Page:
How many people will die under the first trumpet? We're not told that any will die under this trumpet, but we would tend to expect that some will die (cf. Ex. 9:19-21, 25). Anyway, I assume that the loss of life will be relatively limited under the first three trumpets, and it doesn't seem that any will die under the fourth or fifth trumpets. This will change drastically under the sixth trumpet.]] (8) The second angel sounded, and something like a great mountain burning with fire was thrown into the sea [Note the sea in Rev. 7:1. It makes a very big difference what "the sea" means here. Some think of the oceans of the earth; I favor the much-less-severe view that the Mediterranean Sea is meant. "Something like a great mountain burning with fire" could be a meteor; it could be some sort of nuclear device; or it could be something obviously supernatural.]; and a third of the sea became blood [Compare Ex. 7:17-25; Rev. 11:6; and 16:3-7. This need not be literal blood, and its origin could be supernatural.], (9) and a third of the creatures which were in the sea and had life, died [contrast Rev. 16:3]; and a third of the ships were destroyed [cf. Isa. 2:16]. [The "third" factor goes with the first six trumpet judgments, as noted under Rev. 8:7. It seems clear that a substantial number of people will die under this catastrophe, but it will undoubtedly be a relatively small number (numbering in the thousands, or tens of thousands?) when you think in terms of God's end-time day of judgment.] (10) The third angel sounded, and a great star fell from heaven, burning like a torch, and it fell on a third of the rivers and on the springs of waters. [Because of the following words regarding a third of the waters becoming wormwood, we should apparently think of the star falling on "a third" of the "springs of waters" too (as with the rivers).] (11) The name of the star is called Wormwood [[This great star which falls from heaven could involve an evil angel. Stars are sometimes used in the book of Revelation to represent angels, good and evil angels (Rev. 1:20; 9:1, 2; and 12:4, 7-9), and the fact that this star has a name could fit that viewpoint. Note the use of the word "wormwood" later in this verse, and note the words "made bitter." The BAGD Greek Lexicon, under the Greek noun translated Wormwood/wormwood ("apsinthos"), points out that wormwood "[contains] a very bitter substance."]]; and a third of the waters became wormwood, and many men died from the waters, because they were made bitter. [See Jer. 9:15; 23:15. The bitterness (which here clearly includes poisonous qualities) could be caused by material coming from this falling star, or it could be entirely supernatural. "Many" will die under the sounding of the third trumpet, but, again, the number will probably be relatively small when considered in the context of judgment day.]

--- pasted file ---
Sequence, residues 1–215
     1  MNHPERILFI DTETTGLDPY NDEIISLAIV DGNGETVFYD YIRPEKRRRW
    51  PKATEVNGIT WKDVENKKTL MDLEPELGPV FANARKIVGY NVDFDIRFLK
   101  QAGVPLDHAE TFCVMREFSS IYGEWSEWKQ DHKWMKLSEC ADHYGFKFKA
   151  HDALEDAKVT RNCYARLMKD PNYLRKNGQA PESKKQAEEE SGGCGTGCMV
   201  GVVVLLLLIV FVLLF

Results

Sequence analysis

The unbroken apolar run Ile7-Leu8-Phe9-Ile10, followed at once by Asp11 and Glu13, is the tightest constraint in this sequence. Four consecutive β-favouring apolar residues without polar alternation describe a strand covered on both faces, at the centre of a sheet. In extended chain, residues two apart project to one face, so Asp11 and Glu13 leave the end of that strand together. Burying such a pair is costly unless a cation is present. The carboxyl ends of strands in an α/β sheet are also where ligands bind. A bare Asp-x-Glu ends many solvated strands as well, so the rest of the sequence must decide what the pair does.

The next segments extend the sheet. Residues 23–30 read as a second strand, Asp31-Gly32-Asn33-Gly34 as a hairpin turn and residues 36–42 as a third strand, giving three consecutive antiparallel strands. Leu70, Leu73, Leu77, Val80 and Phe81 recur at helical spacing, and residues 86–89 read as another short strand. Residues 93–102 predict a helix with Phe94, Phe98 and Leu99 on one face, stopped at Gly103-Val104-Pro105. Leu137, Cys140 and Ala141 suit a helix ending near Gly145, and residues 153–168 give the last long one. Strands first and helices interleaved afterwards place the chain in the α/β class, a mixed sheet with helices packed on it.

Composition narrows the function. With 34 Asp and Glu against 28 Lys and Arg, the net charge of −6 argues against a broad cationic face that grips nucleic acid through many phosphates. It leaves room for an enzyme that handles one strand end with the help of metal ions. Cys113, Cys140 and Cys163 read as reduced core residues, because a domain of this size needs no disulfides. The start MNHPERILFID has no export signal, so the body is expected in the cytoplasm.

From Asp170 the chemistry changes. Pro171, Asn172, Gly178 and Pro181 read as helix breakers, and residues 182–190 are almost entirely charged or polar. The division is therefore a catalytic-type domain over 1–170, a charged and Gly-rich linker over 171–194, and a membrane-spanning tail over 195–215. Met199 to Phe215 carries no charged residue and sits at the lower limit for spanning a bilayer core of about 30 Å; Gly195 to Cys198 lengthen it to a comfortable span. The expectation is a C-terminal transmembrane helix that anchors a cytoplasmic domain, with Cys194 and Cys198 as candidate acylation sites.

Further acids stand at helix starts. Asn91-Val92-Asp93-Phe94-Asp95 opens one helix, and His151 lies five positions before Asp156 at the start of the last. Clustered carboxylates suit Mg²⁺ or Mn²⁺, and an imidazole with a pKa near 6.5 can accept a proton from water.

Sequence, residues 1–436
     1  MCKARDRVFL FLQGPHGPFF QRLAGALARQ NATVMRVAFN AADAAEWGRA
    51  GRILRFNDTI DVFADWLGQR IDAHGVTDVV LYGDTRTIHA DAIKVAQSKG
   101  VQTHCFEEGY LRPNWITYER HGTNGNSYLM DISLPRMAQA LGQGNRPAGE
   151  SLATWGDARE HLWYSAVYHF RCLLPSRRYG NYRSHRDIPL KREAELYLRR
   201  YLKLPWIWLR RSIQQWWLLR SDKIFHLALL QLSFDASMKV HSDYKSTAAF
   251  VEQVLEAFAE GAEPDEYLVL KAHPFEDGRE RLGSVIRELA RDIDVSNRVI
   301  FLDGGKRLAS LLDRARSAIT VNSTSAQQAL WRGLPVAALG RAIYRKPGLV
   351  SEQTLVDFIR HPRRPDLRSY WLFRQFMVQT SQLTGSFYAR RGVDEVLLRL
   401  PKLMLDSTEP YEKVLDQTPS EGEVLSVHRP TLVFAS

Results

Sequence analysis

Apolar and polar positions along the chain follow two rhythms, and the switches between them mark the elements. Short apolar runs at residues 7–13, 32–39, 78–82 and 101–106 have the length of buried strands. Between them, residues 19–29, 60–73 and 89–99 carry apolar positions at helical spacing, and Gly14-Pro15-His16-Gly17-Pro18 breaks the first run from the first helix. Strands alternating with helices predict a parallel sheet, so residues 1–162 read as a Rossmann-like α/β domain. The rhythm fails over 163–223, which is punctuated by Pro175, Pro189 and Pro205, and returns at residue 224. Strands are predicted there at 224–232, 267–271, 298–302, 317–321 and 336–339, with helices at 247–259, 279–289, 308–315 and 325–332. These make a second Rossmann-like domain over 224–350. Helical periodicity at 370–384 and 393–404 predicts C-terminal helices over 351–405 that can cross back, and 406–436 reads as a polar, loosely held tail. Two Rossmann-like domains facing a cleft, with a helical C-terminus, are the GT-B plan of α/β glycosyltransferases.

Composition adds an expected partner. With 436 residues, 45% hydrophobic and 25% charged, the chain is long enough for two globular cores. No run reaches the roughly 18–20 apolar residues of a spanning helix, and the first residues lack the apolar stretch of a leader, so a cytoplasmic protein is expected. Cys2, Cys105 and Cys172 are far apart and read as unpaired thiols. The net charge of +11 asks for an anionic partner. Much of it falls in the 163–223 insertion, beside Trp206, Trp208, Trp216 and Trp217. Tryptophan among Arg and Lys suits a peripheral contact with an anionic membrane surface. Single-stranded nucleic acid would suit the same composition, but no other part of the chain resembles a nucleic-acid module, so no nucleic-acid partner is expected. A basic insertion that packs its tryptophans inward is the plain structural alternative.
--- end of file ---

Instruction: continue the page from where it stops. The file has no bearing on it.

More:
We will continue this verse-by-verse study of Revelation chapters 8, 9 in Part 2, starting with Rev. 8:12.